HR professionals and hiring managers have much to do with setting the ecological standard for current and incoming employees. They should outline expectations that align with the organization’s ecological priorities for becoming an ally for environmental justice, and they can work with management and staff to gather data and desires about eco-conscious aspirations to forge a company truly dedicated to change.

  1. Focus on Intersectional Environmentalism
    Intersectional environmentalism acknowledges that climate change impacts marginalized communities uniquely compared with the ethnic majority and wealthier populations. For example, developing nations wrestle more with electronic waste than urbanized regions because corporations recklessly dump it in these areas for citizens to deal with. It impacts environmental wellness—like agriculture and waterways—and human health.
  2. Look to the Jemez Principles
    Becoming an advocate for the planet involves tangible actions like reducing waste and transitioning to clean energy. Most businesses focus on these moves because they provide real benefits and are quantifiable as metrics. Environmental justice extends into less objective realms when HR departments look at the Jemez Principles, developed by a multiracial environmentalist group in 1996.
  3. Seek Third-Party Certifications
    There’s no more noteworthy evidence that a company is participating in global change than an audit of the company’s processes. This unbiased resource can grade current practices and suggest improvements for greater sustainability commitments. Graders can see how well those corporate social responsibility goals are working out, regardless of whether it’s adjusting supply chains or philanthropy.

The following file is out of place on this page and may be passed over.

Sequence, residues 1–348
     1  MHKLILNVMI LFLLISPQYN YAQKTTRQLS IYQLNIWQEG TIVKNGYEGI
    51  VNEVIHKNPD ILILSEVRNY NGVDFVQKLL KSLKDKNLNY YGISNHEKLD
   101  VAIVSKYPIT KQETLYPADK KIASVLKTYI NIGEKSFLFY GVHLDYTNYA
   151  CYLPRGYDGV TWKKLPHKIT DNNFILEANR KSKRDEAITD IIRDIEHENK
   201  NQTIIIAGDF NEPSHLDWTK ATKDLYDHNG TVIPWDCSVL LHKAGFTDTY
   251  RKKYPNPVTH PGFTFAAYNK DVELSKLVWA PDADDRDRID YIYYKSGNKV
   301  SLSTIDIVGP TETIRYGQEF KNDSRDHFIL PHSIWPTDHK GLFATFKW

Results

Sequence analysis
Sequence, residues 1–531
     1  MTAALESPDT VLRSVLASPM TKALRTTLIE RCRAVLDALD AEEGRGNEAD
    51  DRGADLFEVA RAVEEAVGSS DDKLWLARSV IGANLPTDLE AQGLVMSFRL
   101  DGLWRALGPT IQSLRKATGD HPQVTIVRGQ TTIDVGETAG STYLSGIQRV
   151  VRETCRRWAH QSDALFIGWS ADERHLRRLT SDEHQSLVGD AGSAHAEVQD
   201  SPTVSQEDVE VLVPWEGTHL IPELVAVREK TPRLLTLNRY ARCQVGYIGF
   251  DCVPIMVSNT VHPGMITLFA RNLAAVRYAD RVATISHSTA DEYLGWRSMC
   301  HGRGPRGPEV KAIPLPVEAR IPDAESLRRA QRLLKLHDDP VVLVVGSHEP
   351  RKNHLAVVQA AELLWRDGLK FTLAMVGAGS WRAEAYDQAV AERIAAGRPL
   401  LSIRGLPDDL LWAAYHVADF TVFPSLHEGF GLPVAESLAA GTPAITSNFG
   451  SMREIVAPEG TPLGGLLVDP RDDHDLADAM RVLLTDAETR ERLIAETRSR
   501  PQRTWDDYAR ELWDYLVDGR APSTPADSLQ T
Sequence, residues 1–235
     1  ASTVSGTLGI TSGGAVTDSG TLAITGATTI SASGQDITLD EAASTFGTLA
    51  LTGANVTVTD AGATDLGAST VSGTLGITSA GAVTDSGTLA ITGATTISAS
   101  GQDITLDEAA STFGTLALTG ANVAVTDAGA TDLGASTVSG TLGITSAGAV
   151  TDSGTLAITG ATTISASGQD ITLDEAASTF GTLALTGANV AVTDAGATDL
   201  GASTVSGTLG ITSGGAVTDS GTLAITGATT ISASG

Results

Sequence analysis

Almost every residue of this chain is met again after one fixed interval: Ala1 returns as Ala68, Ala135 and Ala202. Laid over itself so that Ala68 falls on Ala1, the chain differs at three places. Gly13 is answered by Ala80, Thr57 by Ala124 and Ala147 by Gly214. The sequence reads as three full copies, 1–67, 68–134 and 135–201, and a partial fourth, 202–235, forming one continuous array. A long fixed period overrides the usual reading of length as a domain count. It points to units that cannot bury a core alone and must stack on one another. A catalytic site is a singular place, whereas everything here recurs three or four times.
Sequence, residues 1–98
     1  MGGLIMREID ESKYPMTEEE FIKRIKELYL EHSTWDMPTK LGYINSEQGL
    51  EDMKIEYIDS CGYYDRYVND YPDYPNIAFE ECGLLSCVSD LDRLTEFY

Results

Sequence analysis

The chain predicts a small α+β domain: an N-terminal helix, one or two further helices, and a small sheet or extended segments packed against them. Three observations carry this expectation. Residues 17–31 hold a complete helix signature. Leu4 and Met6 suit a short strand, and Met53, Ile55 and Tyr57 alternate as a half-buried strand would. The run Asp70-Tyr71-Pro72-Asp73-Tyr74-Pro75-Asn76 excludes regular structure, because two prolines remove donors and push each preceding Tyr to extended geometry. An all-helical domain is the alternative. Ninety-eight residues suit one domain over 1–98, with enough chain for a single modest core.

4. Invest in Green Tech and Research
    The Jemez Principles encourage participating in environmental efforts and working with sector experts, not just providing financial support. Not every company has access to similar resources, whether it be financial or staffing barriers.
  5. Gather Data and Make It Known
    Numerous companies collect data using Internet of Things (IoT) technology and sensors to understand their carbon footprint and other eco-related metrics. These numbers help businesses in isolation, but they’re more meaningful if the information is transparent and accessible to the rest of the sector and the world.

Read the full article about environmental justice ally by Jane Marsh at HR Daily Advisor.